In a recent telephone interview, Bagatelas stressed that Coutts's B Corp involvement represents far more than just "green-washing," as the more committed environmentalists are known to dismiss many ESG programs as being.
Rather, he explains, the pledge to commit to meeting the B Corp's exceptionally high levels of sustainability and ethical behavior represents instead a genuine commitment on the part of "the world's sixth oldest bank" that accompanies other elements of its approach that are also more contemporary than its 329-year-history, and famed British royal family associations, might suggest.
It is content, for example, not to have offices all over the planet to look after its international clientele, believing that "you can be global without necessarily having to have that very expensive" – not to mention potentially environmentally-questionable, and in some jurisdictions vulnerable to political, social and/or environmental upheaval – global office "footprint".
As for Coutts's international business, Bagatelas doesn't rule out the possibility of adding others outside the UK at some point, but these days, he says, many international people are very happy to work with a bank that's located in London, even if they happen to live in another country, particularly if its a bank with Coutts's reputation and expertise.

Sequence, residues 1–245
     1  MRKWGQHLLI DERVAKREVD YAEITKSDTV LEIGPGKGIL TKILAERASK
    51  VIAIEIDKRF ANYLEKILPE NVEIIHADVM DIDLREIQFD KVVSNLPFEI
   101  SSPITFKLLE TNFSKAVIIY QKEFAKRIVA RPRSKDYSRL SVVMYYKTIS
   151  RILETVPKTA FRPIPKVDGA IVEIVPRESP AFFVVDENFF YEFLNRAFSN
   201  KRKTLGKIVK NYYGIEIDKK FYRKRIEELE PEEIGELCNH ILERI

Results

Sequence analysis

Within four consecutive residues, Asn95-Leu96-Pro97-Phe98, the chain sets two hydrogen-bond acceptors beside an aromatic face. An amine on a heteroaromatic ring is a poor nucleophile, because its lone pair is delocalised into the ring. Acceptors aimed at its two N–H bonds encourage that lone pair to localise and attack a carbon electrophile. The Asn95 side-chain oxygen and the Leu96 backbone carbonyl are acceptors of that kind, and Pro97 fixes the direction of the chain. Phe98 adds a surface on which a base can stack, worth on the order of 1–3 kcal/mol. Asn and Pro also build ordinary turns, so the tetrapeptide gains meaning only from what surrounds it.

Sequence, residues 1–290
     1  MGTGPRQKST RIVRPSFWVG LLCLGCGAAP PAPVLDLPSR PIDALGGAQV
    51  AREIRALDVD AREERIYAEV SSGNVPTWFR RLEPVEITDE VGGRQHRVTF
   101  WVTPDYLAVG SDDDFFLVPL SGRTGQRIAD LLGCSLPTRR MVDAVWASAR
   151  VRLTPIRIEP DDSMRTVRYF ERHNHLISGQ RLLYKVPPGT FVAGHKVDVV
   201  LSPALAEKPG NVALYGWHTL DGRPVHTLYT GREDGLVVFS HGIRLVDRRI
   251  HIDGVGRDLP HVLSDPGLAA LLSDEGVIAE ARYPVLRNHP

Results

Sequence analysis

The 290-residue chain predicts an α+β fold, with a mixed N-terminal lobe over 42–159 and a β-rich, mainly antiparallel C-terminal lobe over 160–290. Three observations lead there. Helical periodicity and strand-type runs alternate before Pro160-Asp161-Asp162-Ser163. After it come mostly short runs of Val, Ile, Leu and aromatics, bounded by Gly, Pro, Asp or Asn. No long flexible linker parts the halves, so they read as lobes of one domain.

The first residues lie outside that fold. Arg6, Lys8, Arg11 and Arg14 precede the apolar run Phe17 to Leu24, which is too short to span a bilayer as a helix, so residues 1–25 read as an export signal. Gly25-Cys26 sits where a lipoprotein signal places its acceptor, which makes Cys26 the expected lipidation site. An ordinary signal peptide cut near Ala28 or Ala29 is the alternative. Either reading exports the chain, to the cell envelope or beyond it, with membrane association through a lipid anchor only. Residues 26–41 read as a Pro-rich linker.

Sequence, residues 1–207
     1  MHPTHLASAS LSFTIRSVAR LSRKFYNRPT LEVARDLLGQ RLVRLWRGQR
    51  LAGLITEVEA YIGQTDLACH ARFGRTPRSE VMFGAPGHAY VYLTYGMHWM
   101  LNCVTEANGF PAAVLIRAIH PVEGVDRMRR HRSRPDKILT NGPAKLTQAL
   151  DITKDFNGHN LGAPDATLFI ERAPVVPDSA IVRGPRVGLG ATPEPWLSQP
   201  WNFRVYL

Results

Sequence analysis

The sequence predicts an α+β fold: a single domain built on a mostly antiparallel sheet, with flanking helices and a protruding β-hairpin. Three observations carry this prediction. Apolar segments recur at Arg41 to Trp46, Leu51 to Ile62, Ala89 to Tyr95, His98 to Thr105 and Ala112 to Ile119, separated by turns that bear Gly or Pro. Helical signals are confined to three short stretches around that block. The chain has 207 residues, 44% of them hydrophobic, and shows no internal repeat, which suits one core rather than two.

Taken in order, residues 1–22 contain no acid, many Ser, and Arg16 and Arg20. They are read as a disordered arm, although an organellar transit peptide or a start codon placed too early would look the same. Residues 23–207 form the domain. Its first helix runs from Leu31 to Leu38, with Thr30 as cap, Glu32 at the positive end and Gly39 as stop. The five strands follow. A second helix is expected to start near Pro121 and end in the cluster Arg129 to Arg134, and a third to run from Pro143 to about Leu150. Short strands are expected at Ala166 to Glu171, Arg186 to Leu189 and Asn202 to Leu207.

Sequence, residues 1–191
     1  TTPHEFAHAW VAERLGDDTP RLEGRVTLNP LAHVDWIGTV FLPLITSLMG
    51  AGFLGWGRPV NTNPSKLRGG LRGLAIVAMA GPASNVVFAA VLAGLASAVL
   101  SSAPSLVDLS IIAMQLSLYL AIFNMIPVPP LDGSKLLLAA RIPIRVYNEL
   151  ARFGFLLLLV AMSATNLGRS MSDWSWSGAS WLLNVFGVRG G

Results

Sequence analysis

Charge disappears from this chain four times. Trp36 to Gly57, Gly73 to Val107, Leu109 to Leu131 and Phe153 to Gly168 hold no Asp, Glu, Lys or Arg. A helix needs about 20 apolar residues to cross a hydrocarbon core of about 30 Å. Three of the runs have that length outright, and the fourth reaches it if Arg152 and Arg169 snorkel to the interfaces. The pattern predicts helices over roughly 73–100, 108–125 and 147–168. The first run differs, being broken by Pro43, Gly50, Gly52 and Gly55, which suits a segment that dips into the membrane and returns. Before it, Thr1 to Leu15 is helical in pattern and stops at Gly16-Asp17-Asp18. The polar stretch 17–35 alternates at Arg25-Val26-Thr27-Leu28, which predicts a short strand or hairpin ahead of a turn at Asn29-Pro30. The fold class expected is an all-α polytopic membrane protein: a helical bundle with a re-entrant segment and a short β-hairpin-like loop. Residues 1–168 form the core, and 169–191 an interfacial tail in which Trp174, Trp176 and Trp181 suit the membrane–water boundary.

That's because, he explains, they value "the comfort and the surety of an organization that has been around this long" in a country that they see as an "island of stability, in a world of Covid, risks, and environmental chaos".
Bagatelas notes that when Coutts sold its then-international division to UBP six years ago, it did so specifically to reduce the number of countries in which it operated, in order to focus more on its home market, something other banks were also doing around that time, and have continued to – just as they've also been shrinking their home country branch networks, in favor of online banking services, a trend that has seen some new banks operating only online, which enables them to reduce their costs, compared to those that continue to operate out of traditional offices as well.
Cutting-edge digital technology is another element of the new Coutts package that Bagatelas says will be key in the private bank's international offering, particularly for many of the "next generation of our clients."
"Which puts us in the unique position of not only being thoroughly modern, in the digital aspect, but also being 329 years old," he adds.